HomeKnow-HowA short introduction to the increasingly popular OKR goal management method (Part...

A short introduction to the increasingly popular OKR goal management method (Part 1 of 2)

In this two article series, I’ll lay out the requirements and what you need to do as homework for establishing the OKR (Objectives Key-Results) method in your company, and give some practical advice for how to optimally implement it in your organization.

The OKR method is very simple in theory. It paves a path for how to get to objectives (O), and how reaching these objectives will be measured (Key Results). The OKR framework can be described as a set of interconnected individual or group goals that, once reached, enable the company to attain its global strategic goals.

The method consists of lists with 3 to 5 high level objectives and for each of these, there are 3 to 5 measurable results. Each of the results have a point range measured from 0 to 100% or from 0 to 1, demonstrating its level of completion.

The objectives are kept public so that people and team move towards the same objectives and know what others are focusing on.

After determining the global objectives of the company, one must set up the OKRs for the internal teams and individuals. Your team should understand that 60% of the OKRs must be selected and defined by your employees and 40% by leadership. Each area should suggest its OKRs by answering the question: how can we support the company on its path to accomplish its global strategic goals? For each employee, 3 to 5 OKRs should be defined and agreed upon.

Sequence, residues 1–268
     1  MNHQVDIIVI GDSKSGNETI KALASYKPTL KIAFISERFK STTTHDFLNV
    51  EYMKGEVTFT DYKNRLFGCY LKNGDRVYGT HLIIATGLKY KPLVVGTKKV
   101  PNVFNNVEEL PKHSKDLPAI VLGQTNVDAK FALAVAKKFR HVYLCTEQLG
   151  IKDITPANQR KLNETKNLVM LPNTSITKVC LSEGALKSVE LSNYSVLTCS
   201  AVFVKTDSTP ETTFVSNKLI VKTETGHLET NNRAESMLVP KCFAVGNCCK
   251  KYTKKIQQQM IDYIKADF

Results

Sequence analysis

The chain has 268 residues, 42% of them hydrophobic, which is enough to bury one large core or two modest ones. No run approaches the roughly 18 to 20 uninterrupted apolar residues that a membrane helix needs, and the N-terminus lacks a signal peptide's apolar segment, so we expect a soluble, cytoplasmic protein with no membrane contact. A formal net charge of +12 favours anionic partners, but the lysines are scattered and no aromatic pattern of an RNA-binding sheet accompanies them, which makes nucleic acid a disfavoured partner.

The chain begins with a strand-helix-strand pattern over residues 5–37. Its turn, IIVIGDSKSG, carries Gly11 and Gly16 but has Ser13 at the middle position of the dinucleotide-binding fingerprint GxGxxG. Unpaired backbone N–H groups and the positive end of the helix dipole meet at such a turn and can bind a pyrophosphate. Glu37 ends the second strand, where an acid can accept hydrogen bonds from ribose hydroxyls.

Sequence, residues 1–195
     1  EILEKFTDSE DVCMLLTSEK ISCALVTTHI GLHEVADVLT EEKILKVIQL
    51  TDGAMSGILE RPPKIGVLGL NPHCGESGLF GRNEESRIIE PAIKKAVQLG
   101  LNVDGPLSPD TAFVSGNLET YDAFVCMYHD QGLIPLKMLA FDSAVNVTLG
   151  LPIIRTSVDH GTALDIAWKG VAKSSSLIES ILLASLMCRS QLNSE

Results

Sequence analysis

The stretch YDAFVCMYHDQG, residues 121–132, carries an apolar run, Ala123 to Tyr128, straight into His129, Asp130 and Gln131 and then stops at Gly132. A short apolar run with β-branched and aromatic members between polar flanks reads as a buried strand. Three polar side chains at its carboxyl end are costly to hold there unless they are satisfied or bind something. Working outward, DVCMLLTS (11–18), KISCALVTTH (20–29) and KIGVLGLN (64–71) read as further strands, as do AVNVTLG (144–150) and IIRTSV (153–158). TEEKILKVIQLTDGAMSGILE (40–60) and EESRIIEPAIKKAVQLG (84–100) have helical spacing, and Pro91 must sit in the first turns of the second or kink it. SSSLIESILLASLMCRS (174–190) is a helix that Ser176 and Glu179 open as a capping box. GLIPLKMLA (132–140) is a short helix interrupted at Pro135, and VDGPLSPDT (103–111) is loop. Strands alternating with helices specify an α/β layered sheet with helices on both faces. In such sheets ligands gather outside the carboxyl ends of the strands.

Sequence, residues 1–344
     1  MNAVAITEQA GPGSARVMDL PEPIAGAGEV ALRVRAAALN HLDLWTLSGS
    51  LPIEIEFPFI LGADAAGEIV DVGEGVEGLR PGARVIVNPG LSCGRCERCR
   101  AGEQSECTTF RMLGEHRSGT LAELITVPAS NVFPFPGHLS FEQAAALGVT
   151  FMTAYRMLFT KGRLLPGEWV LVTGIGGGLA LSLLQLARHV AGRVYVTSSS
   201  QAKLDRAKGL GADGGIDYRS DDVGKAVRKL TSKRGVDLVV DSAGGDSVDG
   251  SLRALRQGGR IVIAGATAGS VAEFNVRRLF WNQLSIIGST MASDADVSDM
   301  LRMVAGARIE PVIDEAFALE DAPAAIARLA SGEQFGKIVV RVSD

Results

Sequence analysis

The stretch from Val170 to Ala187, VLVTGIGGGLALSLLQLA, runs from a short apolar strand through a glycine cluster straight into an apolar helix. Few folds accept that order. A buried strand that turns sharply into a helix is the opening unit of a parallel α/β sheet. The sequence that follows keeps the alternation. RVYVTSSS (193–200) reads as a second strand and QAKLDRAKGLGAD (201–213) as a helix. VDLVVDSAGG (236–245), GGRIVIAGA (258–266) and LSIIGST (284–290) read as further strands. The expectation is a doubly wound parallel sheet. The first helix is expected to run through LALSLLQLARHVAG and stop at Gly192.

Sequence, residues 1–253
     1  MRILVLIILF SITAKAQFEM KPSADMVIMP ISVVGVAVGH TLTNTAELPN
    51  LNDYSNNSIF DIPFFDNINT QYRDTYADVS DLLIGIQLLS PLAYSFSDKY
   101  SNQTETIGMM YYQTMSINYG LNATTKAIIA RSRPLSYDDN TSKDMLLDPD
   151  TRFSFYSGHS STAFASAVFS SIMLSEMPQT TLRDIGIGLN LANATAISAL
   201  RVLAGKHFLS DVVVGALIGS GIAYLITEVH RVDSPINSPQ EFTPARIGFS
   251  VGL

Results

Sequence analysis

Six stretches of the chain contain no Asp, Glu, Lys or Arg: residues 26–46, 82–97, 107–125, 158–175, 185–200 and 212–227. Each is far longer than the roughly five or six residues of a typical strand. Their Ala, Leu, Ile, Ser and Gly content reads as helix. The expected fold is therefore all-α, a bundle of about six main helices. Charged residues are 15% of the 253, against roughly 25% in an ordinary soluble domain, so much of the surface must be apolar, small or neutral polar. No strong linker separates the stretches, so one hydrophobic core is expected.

“The objective is what I want to have accomplished,” said John Doerr, who introduced the system to Google. “The key results are how I’m going to get it done. The objectives are typically longer lived. They’re bold and aspirational. The key results are aggressive, but always measurable, time-bound, and limited in number.”

In order to be successful with the goal management framework and to establish the OKR program in your company, there are some criteria to be met. If your startup meets the 6 points listed below, then you are ready to go to the next level and launch your OKR framework.

1. Your mission is ambitious and clear